Years ago I met an airline executive who had a thing about pilots. "Underworked, overpaid," he snarled. "Coddled. Self-centered. Childish." In fairness, he was in his cups. I remember vividly, having gotten to my third Diet Coke by that point.
Say what you will about any of his inebriated points, the fact is that pilots are important, and because the senior ones was really well-paid, they understand finances better than some people and can afford to buy shares and hector management at shareholder meetings.
Self-centered, my soused friend said - well, we're all looking out for number one, especially in contract talks, or we ought to (I'm a giving sort of guy and you wouldn't believe some of the things I gave up as a result over the years) - and airline management ignores a pilot's self-interest at its peril.
Pilots make more money when they become more senior. Seniority determines when you can be a captain, when you can fly the bigger jets and earn higher pay. Seniority determines when you can bid for a route you like and get it, rather than being bumped by someone more senior.
Because of this, any airline merger is a trial for pilots and the people who negotiate contracts with them. You might be a really senior pilot for Airline A, but when Airline A merges with Airline B you instantly become part of a larger pool, presumably with a larger number of people more senior.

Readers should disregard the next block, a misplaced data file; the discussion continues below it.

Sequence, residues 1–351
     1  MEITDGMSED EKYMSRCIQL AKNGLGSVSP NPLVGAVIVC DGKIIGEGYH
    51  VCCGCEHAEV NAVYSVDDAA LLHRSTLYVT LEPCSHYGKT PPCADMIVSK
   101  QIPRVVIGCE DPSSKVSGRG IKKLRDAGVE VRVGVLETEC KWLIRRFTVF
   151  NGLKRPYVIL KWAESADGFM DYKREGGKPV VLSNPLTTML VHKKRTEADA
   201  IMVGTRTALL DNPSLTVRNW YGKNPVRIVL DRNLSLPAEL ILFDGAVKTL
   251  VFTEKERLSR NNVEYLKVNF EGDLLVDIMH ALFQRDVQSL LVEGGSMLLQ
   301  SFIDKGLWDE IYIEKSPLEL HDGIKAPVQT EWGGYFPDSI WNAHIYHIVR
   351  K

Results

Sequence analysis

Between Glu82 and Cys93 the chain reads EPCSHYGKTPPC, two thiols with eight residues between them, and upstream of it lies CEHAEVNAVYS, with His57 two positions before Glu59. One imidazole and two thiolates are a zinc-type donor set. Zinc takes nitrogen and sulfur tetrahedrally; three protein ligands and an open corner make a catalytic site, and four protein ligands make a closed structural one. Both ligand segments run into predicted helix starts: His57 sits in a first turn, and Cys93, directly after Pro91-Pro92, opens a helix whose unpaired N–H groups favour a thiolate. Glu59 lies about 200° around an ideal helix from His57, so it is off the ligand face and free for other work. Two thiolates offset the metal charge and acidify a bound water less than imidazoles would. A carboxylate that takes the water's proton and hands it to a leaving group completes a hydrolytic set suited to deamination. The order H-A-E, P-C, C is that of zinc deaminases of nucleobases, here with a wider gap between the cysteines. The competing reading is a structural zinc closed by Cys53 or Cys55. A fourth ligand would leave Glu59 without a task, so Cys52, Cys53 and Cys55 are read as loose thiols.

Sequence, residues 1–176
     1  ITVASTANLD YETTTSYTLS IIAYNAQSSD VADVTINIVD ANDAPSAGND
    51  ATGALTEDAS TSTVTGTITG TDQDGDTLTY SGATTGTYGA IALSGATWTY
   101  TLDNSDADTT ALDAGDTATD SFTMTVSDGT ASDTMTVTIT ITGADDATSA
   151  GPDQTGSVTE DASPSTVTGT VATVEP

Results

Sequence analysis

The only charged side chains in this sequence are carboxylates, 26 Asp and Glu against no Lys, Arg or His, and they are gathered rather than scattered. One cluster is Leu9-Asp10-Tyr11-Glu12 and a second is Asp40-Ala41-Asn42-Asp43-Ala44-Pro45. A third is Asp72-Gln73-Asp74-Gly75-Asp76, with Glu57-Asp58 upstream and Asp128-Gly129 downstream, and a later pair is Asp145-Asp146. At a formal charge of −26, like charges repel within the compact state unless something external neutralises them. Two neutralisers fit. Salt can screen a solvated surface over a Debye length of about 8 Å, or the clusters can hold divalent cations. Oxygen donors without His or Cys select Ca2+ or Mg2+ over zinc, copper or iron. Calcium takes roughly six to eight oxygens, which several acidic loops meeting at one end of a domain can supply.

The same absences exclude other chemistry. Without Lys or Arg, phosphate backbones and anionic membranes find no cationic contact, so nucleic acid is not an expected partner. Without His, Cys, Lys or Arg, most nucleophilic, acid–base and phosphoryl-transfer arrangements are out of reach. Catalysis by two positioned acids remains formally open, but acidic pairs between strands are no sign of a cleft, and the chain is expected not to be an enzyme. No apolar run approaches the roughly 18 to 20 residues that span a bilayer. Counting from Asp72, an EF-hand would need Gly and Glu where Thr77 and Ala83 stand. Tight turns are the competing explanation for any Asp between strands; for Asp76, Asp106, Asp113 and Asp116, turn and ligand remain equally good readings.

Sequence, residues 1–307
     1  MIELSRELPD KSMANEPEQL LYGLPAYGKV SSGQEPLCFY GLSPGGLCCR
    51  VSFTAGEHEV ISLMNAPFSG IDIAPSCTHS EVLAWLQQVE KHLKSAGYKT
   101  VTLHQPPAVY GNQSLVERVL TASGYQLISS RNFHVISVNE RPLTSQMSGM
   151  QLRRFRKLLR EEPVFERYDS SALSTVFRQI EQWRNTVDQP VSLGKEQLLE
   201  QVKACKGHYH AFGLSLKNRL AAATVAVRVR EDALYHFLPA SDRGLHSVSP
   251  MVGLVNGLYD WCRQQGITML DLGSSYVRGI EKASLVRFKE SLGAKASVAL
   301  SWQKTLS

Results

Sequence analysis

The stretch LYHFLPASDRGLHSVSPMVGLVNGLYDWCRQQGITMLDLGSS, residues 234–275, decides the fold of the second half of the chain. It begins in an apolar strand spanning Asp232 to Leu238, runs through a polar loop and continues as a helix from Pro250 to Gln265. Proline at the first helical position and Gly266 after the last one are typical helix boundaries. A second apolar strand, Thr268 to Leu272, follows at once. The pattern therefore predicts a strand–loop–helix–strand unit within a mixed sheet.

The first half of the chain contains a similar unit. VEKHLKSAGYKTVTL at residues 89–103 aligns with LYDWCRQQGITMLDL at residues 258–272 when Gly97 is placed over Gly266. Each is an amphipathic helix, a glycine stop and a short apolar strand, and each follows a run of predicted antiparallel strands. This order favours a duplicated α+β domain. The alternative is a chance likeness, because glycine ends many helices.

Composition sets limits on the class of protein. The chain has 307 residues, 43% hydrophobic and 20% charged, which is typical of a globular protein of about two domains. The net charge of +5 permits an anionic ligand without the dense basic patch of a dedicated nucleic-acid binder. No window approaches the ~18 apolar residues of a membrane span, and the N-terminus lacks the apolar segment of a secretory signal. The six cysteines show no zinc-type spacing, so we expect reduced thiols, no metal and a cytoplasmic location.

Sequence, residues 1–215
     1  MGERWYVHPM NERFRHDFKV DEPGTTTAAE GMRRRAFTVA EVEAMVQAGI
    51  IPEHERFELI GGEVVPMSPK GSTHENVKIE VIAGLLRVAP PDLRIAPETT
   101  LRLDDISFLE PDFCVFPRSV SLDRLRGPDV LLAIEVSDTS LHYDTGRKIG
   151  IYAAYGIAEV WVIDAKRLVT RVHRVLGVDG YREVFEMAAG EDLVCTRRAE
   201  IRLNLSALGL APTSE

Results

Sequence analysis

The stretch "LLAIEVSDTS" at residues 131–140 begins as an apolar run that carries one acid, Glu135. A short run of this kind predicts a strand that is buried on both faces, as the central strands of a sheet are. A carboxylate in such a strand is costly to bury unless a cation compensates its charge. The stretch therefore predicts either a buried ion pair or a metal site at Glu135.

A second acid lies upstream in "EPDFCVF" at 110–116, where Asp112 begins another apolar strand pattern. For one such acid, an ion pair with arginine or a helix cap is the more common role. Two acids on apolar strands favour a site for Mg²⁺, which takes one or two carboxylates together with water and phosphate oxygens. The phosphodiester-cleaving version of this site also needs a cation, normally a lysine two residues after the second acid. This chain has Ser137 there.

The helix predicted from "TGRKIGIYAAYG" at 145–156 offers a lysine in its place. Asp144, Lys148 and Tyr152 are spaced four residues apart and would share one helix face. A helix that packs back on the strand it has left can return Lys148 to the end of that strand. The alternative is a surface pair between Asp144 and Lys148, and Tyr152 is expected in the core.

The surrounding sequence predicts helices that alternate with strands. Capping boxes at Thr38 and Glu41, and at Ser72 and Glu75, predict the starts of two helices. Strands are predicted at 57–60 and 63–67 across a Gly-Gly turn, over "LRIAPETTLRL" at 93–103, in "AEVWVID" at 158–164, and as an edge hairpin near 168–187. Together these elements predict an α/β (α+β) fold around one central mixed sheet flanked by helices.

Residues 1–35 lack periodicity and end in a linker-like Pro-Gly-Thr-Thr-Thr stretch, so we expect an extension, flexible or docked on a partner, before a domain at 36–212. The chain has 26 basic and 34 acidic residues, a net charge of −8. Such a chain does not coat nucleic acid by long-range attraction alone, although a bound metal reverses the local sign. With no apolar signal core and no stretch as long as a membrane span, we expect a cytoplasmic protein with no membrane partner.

Take any two airlines that merge, and one of them will have more older pilots than the other, which means some pilots for the other airline will go down significantly on the seniority ladder. Any time a merger is proposed, five minutes later all the pilots know which carrier has the more senior pilots.
US Airways and America West merged years ago and they still haven't figured out all the details on merging their seniority lists. American Airlines never really solved its seniority issues after acquiring TWA. There are reasons why Southwest has mostly preferred to grow organically; this one of them.
United Continental Corp. was formed a year and a half ago and still hasn't merged its pilot contracts, even though the two pilot groups belong to two locals of the same union, the Air Line Pilots Association.
But the pilots on the UAL side of the house say there is another factor in their disgruntlement. They accuse the management - which they never fail to mention has a number of people from the Continental side - of deliberately footdragging while they outsource regional flights.
To increase pressure for settlement, the United-side pilots now say, if the company doesn't commit to reaching agreement by the end of next month, they will seek federal mediator permission to quit the talks at the end of this month. If a strike is like a flight, this move will be like backing away from the gate.
They will probably settle. A certain amount of drama is traditional and arguably necessary in labor negotiations, sometimes giving a little covering fire while the professional negotiators on both sides do their work. But the union negotiators have their rank-and-filers' grievances to address and their resentments to assuage, and the company negotiators have to worry about their shareholders, whom I wuld have enjoyed hearing described by my well-watered buddy.